Partygirl and I returned to our class after the Christmas break. We were standing there singing and my mind wandered a bit, because I realized that I was surrounded by silly scarves.
It snowed a little here yesterday (It will be back into the 60s today — it was just reminding us that it could snow if it wanted to), and it made sense for people to be in their woolies. But here were ladies in barn jackets and sensible shoes, with the addition of a skinny lilac-colored eyelash yarn scarf. Brisk young accountants in pumps, with bulky excrescences draped around their necks. Pierced goths with shiny miniature Hogwarts scarves. It was like the one thing (apart from being in the class) that the majority of the women had in common.
This is what happens if you begin your usual hat pattern with a feather-and-fan. Any favorite lace stitch, really. Do one repeat of the pattern and carry on with stockinette. Then just complete the hat as you usually do.
One of the knitting bloggers calls this kind of thing “moose lace” — lace made in sport or worsted weight. It gives you a neat scalloped edge and a suggestion of laciness without much effort.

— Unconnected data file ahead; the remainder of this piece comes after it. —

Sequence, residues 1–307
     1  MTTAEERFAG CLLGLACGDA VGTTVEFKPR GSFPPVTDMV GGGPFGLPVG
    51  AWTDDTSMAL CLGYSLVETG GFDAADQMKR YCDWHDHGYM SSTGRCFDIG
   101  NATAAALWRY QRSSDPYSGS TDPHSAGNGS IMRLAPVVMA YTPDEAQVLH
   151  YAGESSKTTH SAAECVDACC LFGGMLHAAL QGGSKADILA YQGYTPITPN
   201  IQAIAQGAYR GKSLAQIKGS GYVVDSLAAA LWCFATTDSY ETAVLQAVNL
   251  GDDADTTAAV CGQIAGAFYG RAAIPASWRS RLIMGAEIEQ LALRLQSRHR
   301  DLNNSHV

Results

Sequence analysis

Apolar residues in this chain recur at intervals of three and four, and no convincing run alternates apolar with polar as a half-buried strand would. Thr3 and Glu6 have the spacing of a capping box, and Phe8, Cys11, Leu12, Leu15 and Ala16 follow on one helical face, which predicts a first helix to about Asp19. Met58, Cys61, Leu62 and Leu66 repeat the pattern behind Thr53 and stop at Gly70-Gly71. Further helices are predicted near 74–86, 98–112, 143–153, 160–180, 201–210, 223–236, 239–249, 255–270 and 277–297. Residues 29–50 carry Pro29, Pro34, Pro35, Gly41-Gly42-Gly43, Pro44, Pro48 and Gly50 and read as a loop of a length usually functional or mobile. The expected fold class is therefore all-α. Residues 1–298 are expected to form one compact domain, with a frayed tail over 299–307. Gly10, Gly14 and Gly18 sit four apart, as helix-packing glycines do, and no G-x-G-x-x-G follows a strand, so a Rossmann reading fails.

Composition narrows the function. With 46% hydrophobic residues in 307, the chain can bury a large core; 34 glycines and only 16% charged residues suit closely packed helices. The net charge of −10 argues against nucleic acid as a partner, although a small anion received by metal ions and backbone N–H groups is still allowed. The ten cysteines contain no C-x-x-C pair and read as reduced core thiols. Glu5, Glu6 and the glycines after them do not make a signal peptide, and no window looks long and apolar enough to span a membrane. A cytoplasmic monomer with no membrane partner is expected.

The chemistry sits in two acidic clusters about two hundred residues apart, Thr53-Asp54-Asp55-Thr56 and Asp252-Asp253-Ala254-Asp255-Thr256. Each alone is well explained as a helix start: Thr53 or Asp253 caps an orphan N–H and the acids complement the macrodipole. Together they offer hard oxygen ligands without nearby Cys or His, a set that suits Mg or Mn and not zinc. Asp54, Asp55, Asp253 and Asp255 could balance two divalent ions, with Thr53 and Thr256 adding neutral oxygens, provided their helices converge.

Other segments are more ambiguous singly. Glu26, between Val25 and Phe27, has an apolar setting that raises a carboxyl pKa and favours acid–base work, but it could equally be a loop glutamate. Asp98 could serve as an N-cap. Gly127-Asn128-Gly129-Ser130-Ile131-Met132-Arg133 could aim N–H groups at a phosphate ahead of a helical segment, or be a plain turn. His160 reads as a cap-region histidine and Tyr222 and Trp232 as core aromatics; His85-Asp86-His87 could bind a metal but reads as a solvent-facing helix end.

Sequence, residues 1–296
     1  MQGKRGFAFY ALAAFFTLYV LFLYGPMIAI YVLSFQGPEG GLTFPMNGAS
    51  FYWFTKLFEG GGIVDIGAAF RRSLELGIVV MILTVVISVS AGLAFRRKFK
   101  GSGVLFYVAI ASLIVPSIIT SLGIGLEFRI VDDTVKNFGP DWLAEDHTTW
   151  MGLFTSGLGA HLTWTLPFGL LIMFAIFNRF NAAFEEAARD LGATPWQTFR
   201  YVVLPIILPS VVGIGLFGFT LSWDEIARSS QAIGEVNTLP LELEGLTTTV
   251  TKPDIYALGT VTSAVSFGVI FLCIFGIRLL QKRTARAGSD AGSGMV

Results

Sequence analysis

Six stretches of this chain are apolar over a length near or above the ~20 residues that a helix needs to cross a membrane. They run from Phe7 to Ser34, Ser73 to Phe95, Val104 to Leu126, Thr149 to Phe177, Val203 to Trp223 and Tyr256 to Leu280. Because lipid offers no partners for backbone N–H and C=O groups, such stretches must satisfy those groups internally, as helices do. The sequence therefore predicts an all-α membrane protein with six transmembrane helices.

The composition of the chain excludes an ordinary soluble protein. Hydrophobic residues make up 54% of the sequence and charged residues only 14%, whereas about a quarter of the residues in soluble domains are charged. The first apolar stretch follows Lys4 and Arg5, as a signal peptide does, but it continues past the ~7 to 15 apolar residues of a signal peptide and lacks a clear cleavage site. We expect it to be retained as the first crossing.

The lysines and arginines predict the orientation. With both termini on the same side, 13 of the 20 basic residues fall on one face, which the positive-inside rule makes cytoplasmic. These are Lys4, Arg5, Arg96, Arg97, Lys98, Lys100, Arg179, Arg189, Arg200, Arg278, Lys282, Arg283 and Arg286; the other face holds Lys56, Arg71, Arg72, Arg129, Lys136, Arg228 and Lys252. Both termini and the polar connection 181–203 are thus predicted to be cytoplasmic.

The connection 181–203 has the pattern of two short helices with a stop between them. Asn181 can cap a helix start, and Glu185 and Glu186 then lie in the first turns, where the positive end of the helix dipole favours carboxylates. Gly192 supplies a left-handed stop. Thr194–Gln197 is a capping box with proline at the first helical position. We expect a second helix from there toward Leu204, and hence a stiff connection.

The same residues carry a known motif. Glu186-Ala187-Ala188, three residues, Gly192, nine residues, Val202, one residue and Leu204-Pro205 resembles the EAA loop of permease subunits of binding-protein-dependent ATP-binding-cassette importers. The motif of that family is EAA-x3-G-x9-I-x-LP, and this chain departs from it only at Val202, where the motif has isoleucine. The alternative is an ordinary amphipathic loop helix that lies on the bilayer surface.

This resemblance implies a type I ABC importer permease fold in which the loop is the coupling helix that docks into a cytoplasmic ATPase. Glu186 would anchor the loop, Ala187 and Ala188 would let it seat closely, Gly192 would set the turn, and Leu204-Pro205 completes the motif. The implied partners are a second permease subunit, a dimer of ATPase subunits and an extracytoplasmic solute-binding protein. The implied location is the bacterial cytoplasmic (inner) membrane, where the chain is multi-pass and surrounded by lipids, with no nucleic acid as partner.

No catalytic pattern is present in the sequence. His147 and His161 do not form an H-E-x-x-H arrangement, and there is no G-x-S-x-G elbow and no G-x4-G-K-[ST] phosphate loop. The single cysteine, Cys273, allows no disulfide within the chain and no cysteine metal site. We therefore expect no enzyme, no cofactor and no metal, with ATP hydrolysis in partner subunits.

Arrived home, I got in half a row of Erin while checking out what my 1943 sewing book had to say about nightgowns. The one I am sewing is from 1912, but that is still closer to 1943 than to 2006, so I thought it might be enlightening.
Apparently, you must first decide whether you are making a Utility nightgown or a Luxurious one. Utility nightgowns should be made several at a time, in an assembly-line fashion, by machine. Luxurious ones (you can adapt your evening gown patterns to make them — I know that will be a relief to you) should have hand-rolled hems, especially on the ruffles, and may be “encrusted” with lace and embroidery.
In fact, while you are in the mood to encrust things, the book goes on to say that handmade bra and panty sets make welcome gifts. I tried to imagine presenting Partygirl or The Poster Queen with a handmade bra and panty set. Can’t quite envision that. Something has changed since 1943.